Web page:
The writing assessment for grade three consists of teacher evaluation of student writing using an analytic scoring system. The Grade 3 Assessment and Instructional Guide contains the scoring rubric; types of writing required by the GPS (narrative, informational, persuasive and response to literature); good practices for the instruction of writing; sample student papers; and ways to evaluate student writing. Using representative samples of student writing, third-grade teachers are to use the analytic scoring rubrics in the Guide to determine the performance levels in each domain for each child in the classroom. Teachers collect writing samples by providing many opportunities for students to produce the various types of writing throughout the year.
Types of Writing
The Georgia Grade Three Writing Assessment covers four types of writing: narrative, informational, persuasive, and response to literature.
- Relating Personal Experience-Writing assignments should direct students to recount an event grounded in their own experiences. The assignment should elicit a story with a plot and characters rather than a list.
- Creating an Imaginative Story-Writing Assignments should direct students to produce stories that are grounded in imagination or fantasy.
- Writing Assignments may be related to all content areas specified in the Grade 3 GPS and may be produced during content area instruction.
- Writing assignments may be related to any type of non-fiction writing whose purpose is to inform or explain a topic to a reader.
- Students should incorporate information from resources (books, on-line sources, etc.) without copying the information verbatim.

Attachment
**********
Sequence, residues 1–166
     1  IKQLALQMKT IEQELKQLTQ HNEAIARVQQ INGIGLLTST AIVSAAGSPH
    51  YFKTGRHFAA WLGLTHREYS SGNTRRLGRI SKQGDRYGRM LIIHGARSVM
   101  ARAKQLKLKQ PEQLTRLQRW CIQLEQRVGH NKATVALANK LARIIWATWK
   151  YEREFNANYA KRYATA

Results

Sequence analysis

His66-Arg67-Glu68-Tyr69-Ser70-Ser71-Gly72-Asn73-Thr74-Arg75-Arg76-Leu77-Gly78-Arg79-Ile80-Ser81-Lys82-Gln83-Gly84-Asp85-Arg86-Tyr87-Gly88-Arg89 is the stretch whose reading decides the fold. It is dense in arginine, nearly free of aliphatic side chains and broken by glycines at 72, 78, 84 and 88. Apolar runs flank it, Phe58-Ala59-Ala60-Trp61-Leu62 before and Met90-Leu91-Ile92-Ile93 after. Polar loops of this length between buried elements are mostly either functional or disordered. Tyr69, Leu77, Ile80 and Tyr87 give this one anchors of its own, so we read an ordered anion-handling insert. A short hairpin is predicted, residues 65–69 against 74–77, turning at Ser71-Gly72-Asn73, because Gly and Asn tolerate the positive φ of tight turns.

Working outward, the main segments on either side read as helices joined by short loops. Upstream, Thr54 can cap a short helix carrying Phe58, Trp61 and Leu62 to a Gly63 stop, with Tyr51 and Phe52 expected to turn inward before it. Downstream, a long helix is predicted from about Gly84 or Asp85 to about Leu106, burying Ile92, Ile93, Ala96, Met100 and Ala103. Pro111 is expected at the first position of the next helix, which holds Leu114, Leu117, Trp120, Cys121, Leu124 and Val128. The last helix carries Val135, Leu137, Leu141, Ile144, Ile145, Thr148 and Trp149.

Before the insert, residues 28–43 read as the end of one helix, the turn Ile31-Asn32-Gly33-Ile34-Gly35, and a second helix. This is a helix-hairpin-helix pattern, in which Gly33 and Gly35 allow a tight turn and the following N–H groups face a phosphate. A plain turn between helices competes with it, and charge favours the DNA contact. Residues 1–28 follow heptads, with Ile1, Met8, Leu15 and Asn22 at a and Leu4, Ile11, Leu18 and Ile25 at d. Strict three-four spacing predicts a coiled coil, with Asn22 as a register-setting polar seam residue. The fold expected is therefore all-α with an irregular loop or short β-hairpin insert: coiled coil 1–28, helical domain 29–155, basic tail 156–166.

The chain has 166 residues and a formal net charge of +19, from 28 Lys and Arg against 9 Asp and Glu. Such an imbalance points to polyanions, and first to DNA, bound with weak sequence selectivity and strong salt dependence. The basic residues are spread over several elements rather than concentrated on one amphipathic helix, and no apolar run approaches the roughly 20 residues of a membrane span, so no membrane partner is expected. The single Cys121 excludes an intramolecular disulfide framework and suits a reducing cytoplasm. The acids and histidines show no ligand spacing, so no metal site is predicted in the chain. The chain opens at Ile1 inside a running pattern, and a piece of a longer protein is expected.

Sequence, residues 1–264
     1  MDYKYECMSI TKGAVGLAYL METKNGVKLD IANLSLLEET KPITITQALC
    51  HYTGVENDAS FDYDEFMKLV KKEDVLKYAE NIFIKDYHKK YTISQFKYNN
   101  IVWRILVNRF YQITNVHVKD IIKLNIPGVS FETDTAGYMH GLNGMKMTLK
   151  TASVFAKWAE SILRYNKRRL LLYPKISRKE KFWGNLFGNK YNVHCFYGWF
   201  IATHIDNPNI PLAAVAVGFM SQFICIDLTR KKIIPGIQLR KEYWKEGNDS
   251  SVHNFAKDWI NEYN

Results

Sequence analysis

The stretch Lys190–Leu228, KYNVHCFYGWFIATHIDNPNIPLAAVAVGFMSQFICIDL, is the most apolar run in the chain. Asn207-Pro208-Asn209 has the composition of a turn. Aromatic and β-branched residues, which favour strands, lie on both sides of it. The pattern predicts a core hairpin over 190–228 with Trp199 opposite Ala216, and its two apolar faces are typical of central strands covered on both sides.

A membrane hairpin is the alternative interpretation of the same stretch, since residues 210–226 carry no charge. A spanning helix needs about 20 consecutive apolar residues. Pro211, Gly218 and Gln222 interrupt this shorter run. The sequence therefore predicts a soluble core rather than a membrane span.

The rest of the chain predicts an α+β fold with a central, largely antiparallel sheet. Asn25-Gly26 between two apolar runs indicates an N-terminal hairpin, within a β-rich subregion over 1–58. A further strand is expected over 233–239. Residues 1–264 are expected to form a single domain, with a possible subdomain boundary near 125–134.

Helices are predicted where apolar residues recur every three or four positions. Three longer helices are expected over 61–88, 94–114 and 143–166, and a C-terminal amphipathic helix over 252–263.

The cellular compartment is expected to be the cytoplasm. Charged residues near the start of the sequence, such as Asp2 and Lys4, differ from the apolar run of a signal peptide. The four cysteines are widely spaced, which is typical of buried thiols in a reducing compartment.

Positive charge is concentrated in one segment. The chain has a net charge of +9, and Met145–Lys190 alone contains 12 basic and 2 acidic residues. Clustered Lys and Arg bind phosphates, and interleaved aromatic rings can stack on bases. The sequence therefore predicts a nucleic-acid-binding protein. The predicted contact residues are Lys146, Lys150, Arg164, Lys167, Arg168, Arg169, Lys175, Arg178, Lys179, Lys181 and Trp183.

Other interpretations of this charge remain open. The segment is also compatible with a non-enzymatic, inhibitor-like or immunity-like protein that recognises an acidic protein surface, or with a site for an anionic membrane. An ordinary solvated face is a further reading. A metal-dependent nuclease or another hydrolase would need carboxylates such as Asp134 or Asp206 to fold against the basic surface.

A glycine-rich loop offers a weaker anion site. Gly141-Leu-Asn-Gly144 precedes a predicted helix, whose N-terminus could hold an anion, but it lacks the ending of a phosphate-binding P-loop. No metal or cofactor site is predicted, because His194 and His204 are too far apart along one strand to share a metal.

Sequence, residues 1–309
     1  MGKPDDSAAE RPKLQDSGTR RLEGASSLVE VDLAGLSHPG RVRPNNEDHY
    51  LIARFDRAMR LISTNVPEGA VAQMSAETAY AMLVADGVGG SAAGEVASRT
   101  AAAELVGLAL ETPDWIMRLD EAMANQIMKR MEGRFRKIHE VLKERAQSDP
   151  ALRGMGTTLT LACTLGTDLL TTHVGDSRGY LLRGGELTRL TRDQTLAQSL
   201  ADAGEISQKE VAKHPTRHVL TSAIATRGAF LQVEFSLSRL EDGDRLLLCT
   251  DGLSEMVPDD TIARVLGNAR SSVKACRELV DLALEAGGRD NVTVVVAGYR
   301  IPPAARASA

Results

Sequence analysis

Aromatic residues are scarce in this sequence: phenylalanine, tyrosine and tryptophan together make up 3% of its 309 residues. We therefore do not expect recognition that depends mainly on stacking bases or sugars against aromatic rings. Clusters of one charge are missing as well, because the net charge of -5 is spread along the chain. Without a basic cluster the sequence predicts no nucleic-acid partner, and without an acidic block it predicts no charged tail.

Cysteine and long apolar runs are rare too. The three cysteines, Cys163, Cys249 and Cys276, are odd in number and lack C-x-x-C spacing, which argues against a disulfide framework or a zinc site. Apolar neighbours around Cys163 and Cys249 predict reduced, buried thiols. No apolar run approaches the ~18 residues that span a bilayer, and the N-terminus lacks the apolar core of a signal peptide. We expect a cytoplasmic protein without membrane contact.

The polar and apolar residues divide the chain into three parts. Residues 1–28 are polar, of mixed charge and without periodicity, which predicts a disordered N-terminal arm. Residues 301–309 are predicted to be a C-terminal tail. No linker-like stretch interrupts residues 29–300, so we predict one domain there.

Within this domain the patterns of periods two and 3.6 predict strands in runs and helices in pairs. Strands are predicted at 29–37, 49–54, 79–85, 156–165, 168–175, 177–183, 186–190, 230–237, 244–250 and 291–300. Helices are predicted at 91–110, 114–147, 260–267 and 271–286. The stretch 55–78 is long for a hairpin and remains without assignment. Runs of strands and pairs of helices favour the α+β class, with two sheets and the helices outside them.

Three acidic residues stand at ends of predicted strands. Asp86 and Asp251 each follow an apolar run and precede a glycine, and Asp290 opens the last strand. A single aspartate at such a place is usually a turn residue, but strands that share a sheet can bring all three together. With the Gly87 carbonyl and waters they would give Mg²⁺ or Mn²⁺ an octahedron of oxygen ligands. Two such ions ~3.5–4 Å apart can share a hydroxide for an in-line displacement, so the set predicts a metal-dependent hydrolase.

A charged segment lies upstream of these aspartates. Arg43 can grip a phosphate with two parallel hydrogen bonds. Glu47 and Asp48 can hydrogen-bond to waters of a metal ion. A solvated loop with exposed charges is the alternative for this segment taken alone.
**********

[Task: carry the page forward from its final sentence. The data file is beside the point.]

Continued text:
- Paraphrasing information and using technical vocabulary from source material is appropriate for the informational assessment sample.
- For example, the informational samples collected for this guide on the topic of minerals may use technical vocabulary such as igneous, metamorphic, or sedimentary rocks.
- The writing assignment should direct students to take a position on an issue or topic that they are familiar with.
- The assignment may occur after the class has researched the issue or read related texts.
- The assignment may be part of a lesson on the issue in a particular content area
- Response to Literature
- The assignment should direct students to form and support a position in response to a text they have read.
- The assignment should be linked to a specific piece of literature (short stories, biographies, fables, plays, poetry, and chapter books).
- Plot summaries or the retelling of an entire story are not appropriate responses to literature.
Analytic and Holistic Scoring
The scoring system is analytic. Analytic scoring means that more than one feature or domain of a paper is evaluated. Each domain itself is scored holistically. The score assigned indicates the test raters’ overall impression of the writer’s command of the components, using predetermined scoring criteria contained in the Scoring Rubrics. Accurate scoring requires balancing a writer’s strengths and areas of challenge.
Student writing will be assessed analytically in four domains: Ideas, Organization, Style, and Conventions. Analytic scoring will provide detailed information on student writing including performance levels.
Because writing assessment at grade three is an outgrowth of the writing instruction program, each elementary school or system should develop a plan at the beginning of the school year for teaching the four genres of writing and collecting assessment samples.
- There is no “correct” order for teaching the writing genres in a school year.